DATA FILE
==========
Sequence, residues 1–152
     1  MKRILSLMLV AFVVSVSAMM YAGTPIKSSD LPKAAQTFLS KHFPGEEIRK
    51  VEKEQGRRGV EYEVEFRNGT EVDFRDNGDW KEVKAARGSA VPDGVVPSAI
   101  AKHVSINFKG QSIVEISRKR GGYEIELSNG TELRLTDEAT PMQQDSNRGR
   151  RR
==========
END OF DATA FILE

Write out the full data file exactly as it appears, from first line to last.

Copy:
Sequence, residues 1–152
     1  MKRILSLMLV AFVVSVSAMM YAGTPIKSSD LPKAAQTFLS KHFPGEEIRK
    51  VEKEQGRRGV EYEVEFRNGT EVDFRDNGDW KEVKAARGSA VPDGVVPSAI
   101  AKHVSINFKG QSIVEISRKR GGYEIELSNG TELRLTDEAT PMQQDSNRGR
   151  RR